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Archive By Section - Agriculture


It’s Cold And Snowy – Global Warming Is A Hoax?

There are topics worthy of discussion but with the winter storm that paralyzed much of the East Coast last week and several other winter events recently, it is worth revisiting the topic of climate change a.k.a. global warming. Revisiting since this topic was discussed last year in this column. What prompts this column is the spate of memes, posts, interviews, etc. regarding items such as "Here's your three feet of global warming." And interviews with politicians and commentary by radio and TV hosts regarding the global warming "hoax" and not "believing" in it.

January 31, 2016 | Dr. Victor L. Martin | Agriculture


Calving season tips: Increased energy management during extreme weather is crucial

Most spring-calving beef cows are now in their third trimester, or they will be calving soon in late January or February. Since these months also tend to bring on the most volatile and extreme cold periods, cold stress can add another level of needs to their energy requirements.

January 24, 2016 | | Agriculture


Praising Bossy

Talk to farmers, stockmen and ranchers – most will tell you how much they love their cows. Problem is this humble and in most cases easy-going beast rarely receives the praise associated with the noble show horse or one of the so-called smartest creatures, the squealing pig.

January 24, 2016 | John Schlageck, Kansas Farm Bureau | Agriculture


National Science Foundation awards grant extension to continue development of high-throughput measur

The National Science Foundation has given a big thumbs up to Kansas State University research on determining the most promising plant traits to help increase food production.

January 24, 2016 | | Agriculture


Winter bird feeding

Severe winter weather is not only hard on people but can be a life and death struggle for birds. Though birds also require water and shelter, food is often the resource most lacking during cold weather. Many different bird food mixes are available because various species often prefer different grains. However, there is one seed that has more universal appeal than any other: black oil sunflower. If you are new to the bird-feeding game, make sure there is a high percentage of this seed in your mix. White proso millet is second in popularity and is the favorite of dark-eyed ...

January 24, 2016 | Alicia Boor | Agriculture


Conserving Resources for the Future

This is the time of year when awards are given for those working to conserve the most valuable resource in agriculture – the soil. Hopefully you had the opportunity to review the winners and articles recently in the Tribune. There are several categories of awards with the focus on protecting soil and providing habitat for wildlife. Many probably wonder why this matters. The answer is simple – even if you live in Manhattan, Kansas or New York, your life is impacted everyday by the soil and what it provides. It isn't an accident that banks help sponsor many of these awards ...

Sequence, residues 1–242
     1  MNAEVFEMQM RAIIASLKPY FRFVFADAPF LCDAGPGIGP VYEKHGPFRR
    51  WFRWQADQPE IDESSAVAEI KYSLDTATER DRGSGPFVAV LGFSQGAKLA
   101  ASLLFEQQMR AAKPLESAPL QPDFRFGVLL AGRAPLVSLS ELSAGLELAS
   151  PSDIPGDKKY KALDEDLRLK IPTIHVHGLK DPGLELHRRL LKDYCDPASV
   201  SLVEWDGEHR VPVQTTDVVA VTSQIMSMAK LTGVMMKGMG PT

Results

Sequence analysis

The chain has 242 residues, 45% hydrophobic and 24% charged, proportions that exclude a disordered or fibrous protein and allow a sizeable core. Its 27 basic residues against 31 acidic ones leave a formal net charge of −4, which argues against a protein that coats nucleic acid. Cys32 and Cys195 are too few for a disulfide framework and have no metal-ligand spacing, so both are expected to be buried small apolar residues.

January 24, 2016 | Dr. Victor L. Martin | Agriculture


K-State Sorghum Production Schools set for early February

A series of four Kansas State University Sorghum Production Schools will be offered in early February to provide in-depth training for sorghum producers.

January 17, 2016 | | Agriculture


Grassroot’s journalism

People in Kansas and across this country, depend on strong community journalism to keep them informed and connected to one another. In spite of all the inroads with social media, folks who live in rural communities across Kansas still rely on home-town newspapers.

January 17, 2016 | John Schlageck, Kansas Farm Bureau | Agriculture


Regional farmers’ market vendor workshops planned

The Kansas Department of Agriculture (KDA), K-State Research and Extension and the Kansas Department of Health and Environment will host four regional workshops in 2016 to assist farmers' market vendors and managers.

January 17, 2016 | | Agriculture


Tree order forms

A forester once told me that you know a drought is severe if you see Red Cedar trees dying. All around the county, you can see Cedars in tree rows and windbreaks dead and brown. If you are looking to replace your tree row, the Kansas Forest Service offers low-cost tree and shrub seedlings for use in conservation plantings. Plants are one to two years old and sizes vary from 5 to 18 inches, depending on species. Orders are accepted from now through the first full week in May each year, but order early to insure receiving the items you ...